The New Jersey Tort Claims Act (the “TCA” or the “Act”) provides that “a public entity is not liable for an injury” caused by an act or omission “[e]xcept as otherwise provided by this act.” N.J.S.A. 59:2-1a. Under the TCA, immunity is the rule and liability is the exception. The TCA defines public entities to include counties and municipalities, and therefore townships also fall within the scope of the TCA. N.J.S.A. 59:1-3.
One relevant exception to the general rule of immunity covers dangerous conditions on public property. N.J.S.A. 59:4-2. That section provides:
A public entity is liable for injury caused by a condition of its property if the plaintiff establishes that the property was in dangerous condition at the time of the injury, that the injury was proximately caused by the dangerous condition, that the dangerous condition created a reasonably foreseeable risk of the kind of injury which was incurred, and that either:
(a) a negligent or wrongful act or omission of an employee of the public entity within the scope of his employment created the dangerous condition; or
(b) a public entity had actual or constructive notice of the dangerous condition under section 59:4-3 a sufficient time prior to the injury to have taken measures to protect against the dangerous condition.
Nothing in this section shall be construed to impose liability upon a public entity for a dangerous condition of its public property if the action the entity took to protect against the condition or the failure to take such action was not palpably unreasonable.
Chapter 4 of the Act, specifically N.J.S.A. 59:4-2, imposes liability on a public entity for injury caused by a condition of its property if the plaintiff establishes that the property was in dangerous condition at the time of the injury, that the injury was proximately caused by the dangerous condition, and that the dangerous condition created a reasonably foreseeable risk of the kind of injury incurred. The plaintiff must also establish that the public entity was responsible either through its employees for creating the dangerous condition or had actual or constructive notice of the condition sufficiently before the injury to have taken measures to protect against the dangerous condition, provided that the entity will not be liable if the action taken to protect against the condition was not “palpably unreasonable.” N.J.S.A. 59:4-1(a) defines “dangerous condition” as “a condition of property that creates a substantial risk of injury when such property is used with due care in a manner in which it is reasonably foreseeable that it will be used.”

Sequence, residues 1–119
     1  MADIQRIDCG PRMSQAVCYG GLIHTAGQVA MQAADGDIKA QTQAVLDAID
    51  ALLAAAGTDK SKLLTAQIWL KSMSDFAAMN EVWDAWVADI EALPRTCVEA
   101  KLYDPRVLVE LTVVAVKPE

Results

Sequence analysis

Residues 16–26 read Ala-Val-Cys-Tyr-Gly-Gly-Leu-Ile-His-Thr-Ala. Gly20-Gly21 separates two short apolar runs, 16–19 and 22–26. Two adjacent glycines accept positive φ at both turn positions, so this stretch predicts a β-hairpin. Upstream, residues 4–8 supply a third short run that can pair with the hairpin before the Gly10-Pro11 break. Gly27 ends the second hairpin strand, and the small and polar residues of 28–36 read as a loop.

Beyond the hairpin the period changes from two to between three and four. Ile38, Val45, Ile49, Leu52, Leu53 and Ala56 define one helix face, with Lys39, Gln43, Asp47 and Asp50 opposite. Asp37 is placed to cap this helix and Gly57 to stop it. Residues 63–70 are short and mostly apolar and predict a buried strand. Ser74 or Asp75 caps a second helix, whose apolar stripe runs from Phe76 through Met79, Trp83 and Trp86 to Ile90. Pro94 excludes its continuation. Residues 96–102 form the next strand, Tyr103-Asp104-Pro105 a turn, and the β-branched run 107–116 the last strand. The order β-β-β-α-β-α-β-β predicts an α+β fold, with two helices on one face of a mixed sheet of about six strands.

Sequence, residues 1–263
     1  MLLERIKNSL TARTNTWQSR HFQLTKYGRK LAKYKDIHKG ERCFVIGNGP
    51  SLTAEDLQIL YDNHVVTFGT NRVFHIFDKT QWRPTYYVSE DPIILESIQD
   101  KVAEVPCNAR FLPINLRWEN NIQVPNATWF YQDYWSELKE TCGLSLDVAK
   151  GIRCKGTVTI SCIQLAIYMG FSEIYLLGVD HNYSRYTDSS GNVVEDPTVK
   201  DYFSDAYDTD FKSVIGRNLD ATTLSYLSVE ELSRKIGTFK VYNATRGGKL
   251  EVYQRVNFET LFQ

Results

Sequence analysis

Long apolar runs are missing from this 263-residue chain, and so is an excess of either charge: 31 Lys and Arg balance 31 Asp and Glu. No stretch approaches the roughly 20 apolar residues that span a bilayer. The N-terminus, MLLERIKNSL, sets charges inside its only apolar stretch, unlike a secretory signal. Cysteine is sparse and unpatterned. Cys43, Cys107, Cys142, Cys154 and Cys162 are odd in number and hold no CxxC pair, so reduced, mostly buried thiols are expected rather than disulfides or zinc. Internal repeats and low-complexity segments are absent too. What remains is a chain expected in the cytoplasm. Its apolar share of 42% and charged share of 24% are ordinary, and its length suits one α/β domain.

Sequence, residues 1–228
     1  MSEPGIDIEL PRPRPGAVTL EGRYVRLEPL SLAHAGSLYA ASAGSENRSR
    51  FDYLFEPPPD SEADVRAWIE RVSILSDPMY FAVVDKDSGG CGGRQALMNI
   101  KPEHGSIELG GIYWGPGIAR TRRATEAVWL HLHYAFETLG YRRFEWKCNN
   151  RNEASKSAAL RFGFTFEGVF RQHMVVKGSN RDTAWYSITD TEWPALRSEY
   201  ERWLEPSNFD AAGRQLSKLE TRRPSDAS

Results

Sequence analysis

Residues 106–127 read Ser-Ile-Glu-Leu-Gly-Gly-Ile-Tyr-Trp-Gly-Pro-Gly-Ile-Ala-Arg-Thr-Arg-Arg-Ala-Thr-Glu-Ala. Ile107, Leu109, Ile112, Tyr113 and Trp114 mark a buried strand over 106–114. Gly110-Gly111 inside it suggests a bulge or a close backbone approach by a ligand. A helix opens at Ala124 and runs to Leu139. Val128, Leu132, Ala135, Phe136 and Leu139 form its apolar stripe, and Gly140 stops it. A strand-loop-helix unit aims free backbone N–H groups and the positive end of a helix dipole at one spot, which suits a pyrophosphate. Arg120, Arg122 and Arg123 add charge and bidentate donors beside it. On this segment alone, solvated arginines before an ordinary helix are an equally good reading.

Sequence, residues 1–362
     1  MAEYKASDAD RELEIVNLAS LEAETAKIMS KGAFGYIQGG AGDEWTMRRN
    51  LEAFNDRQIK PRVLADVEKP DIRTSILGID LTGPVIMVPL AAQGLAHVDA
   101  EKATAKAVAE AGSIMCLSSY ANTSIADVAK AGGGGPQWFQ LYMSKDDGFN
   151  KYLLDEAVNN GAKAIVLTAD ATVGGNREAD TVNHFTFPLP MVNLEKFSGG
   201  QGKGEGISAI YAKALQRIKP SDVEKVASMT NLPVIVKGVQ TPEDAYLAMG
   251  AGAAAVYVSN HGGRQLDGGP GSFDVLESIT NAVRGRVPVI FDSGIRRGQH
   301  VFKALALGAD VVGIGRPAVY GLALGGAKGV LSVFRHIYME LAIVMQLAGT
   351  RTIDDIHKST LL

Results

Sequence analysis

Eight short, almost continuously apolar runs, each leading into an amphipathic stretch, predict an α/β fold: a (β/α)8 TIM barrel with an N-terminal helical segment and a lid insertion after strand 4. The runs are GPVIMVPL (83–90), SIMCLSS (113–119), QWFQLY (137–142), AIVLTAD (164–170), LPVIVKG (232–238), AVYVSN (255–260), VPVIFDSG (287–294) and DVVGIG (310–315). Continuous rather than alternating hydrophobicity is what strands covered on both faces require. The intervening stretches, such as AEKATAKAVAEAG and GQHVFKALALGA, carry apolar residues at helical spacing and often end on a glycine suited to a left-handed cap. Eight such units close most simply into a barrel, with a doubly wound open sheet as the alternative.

The TCA defines “public property” as property that is “owned or controlled by the public entity.” N.J.S.A. 59:4-1c. However, liability is not limited to an event occurring on public property. In fact, our Supreme Court has concluded that public entities may be liable for creating a dangerous condition on private property that is under the “control” of the public entities.
Nevertheless, whether a dangerous condition exists is ultimately a question for the jury. In order for plaintiffs to be successful at trial, they must not only prove that public property created a dangerous condition, but that the condition created a foreseeable risk of the kind of injury that occurred, that the condition proximately caused the injury and that the action the public entities took to protect against the dangerous condition or the failure to take such action was palpably unreasonable. The term “palpably unreasonable” connotes “behavior that is patently unacceptable under any given circumstance.” A dangerous condition under the TCA relates to the physical condition of the property itself and not to activities on the property. See Roe ex rel. M.J. v. New Jersey Transit Rail Operations, Inc., 317 N.J. Super. 72 (App. Div. 1998), certif. denied, 160 N.J. 89 (1999) (held that a permanently bolted-open gate on New Jersey Transit’s property constituted a dangerous condition under N.J.S.A. 59:4-2 because it invited the public to enter a high-crime area).